In Romania: Cleaning Up and Moving On
April 1, 2013
First, there was a hill. Then a coal mine, and now there is a valley with a lake. This is Bodos in 2013, a remote village in the mountains of Transylvania. For years, the only source of income in Bodos was lignite coal mining. That was a blessing and a curse; the mining governed the lives of the locals, and at the same time it shaped the contour of their landscape.
The Bodos mine was one of many. During the communist era in Romania, mines dotted the landscape. In 1989, there were almost 300 mines in operation. By late 1990s, coal mines were draining resources, and Romania's mining operations needed huge subsidies from the government to continue operating. But officials worried that shutting the mines down would throw people out of work and push families into poverty.
The mines were good, the young had a place to work. Now we are waiting for the investors and tourists. Without money, nothing will move.
Life After Coal Mining?
"The mines were good, the young had a place to work," says Andrei Szabo, age 65. Szabo worked in the Bodos mine for 13 years. Now he is retired. As for the future, both his and his community's, Szabo says he is waiting to see what happens next. "Now we are waiting for the investors and tourists." He adds with an all-knowing smile, "without money, nothing will move."
But the good news, for the Szabos and for Bodos, is that tourism could indeed come to this remote community. With support from the World Bank, Romania was able to close the Bodos mine in an environmentally sound manner, which means the mine's surroundings are clean and toxin-free. Local leaders hope people will find the area perfect for hikes to a nearby fortress and for spending a sunny afternoon outside, next to the lake where the mine used to sit. During the summer, locals from the nearby city of Baraolt picnic on the site of the old coal mine.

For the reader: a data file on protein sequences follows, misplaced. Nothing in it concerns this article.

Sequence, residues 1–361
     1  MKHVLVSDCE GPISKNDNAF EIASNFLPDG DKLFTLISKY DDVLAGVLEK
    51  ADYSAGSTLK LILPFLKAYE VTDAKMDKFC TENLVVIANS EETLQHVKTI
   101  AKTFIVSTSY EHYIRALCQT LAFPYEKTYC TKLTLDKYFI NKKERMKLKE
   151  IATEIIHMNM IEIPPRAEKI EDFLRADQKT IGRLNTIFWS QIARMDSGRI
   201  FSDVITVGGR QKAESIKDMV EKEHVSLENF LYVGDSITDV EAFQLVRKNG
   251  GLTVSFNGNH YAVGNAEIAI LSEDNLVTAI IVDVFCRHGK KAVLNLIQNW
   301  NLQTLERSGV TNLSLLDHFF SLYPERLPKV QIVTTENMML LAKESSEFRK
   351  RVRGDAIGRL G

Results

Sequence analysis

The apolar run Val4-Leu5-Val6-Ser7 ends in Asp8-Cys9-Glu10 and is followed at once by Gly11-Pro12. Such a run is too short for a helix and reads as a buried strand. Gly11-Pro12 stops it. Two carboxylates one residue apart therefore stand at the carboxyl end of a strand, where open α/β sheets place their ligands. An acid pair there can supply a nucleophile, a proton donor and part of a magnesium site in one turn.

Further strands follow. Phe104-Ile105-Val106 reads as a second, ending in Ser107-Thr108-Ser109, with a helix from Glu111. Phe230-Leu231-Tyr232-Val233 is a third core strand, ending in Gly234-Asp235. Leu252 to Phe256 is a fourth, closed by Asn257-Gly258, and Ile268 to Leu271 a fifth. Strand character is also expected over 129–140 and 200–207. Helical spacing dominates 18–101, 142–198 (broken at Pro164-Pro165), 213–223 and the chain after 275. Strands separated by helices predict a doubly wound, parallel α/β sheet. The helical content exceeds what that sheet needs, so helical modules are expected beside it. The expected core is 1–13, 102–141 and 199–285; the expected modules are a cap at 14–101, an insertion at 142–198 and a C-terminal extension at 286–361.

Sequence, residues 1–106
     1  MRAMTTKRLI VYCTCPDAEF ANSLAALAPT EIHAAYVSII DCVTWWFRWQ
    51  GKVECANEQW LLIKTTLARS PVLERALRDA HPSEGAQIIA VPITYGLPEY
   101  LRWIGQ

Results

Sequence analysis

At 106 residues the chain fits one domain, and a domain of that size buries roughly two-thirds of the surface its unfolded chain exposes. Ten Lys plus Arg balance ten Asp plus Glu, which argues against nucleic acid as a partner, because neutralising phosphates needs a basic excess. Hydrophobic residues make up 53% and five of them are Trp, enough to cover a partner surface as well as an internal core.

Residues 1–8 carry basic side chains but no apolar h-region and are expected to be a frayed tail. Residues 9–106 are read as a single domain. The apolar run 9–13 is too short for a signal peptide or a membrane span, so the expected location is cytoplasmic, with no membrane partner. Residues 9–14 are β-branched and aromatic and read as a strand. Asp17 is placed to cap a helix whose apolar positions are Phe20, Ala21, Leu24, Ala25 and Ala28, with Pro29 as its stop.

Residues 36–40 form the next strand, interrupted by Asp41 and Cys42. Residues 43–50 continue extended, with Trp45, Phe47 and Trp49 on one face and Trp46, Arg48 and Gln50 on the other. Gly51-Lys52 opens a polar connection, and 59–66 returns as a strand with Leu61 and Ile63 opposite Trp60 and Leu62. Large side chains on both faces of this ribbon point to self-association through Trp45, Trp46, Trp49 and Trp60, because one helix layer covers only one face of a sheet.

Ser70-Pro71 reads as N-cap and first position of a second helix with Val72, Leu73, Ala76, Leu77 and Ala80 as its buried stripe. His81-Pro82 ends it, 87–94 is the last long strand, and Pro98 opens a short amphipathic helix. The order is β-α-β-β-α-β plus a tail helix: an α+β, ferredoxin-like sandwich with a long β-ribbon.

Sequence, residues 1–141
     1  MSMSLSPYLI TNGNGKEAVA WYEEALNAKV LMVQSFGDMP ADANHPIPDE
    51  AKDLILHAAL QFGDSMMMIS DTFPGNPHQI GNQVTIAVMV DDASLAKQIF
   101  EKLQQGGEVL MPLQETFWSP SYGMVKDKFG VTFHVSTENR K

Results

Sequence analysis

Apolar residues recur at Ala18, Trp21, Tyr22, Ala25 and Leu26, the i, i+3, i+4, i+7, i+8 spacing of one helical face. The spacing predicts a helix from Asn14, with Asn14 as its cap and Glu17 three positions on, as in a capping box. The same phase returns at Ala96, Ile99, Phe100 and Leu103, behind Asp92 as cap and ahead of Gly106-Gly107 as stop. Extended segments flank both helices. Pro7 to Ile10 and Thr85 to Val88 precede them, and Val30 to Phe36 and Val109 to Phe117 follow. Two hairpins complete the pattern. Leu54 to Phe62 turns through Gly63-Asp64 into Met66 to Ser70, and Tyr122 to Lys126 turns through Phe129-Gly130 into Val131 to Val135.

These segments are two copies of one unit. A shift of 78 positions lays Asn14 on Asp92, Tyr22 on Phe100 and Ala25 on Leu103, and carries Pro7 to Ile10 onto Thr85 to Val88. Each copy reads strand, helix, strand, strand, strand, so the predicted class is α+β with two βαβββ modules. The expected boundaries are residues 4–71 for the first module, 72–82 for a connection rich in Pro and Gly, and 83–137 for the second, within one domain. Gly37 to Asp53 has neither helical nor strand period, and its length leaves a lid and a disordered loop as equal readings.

"Over 1.5 million tons of coal were carried by truck over that bridge which, of course, collapsed," says Mihaly Szocs, an engineer. Szocs, a miner himself by trade, supervised the mine closure in Bodos. He adds, "Our first objective was that this village is not cut off from the world. So the bridge was reconstructed. The second objective was to protect the village in case of a mining wasteland slide. Finally, our works made sure that water from the mine didn't run through the village."
Over 1.5 million tons of coal were carried by truck over that bridge which, of course, collapsed.
Easing the Pain of Change
About 20 other Romanian communities also relied on the same World Bank project that helped Bodos move away from mining. One of the project's goals was to shut the mines down while leaving a minimal impact on the environment. Other parts of the project aimed to create new jobs. Another sponsored improved infrastructure and services for former miners and their families. The idea is to ease the transition away from a mining-based economy and lifestyle. The impact on the government also changes. Between 2002 and 2006, the government closed 235 mines, but Romania's overall coal output barely changed.
The environmental mine closure in Bodos and other communities was, relatively speaking, slow and expensive. Crews had to dig up old waste dumps and remove contaminated dirt. But, over all, Romania was able to return over 100 hectares to nature.
Between 2005-12, over 20 mines were successfully closed. Those closures affected about 650,000 people, who were in turn helped by the new jobs programs and services. Of that 650,000 people, about half of the total number of beneficiaries were women.
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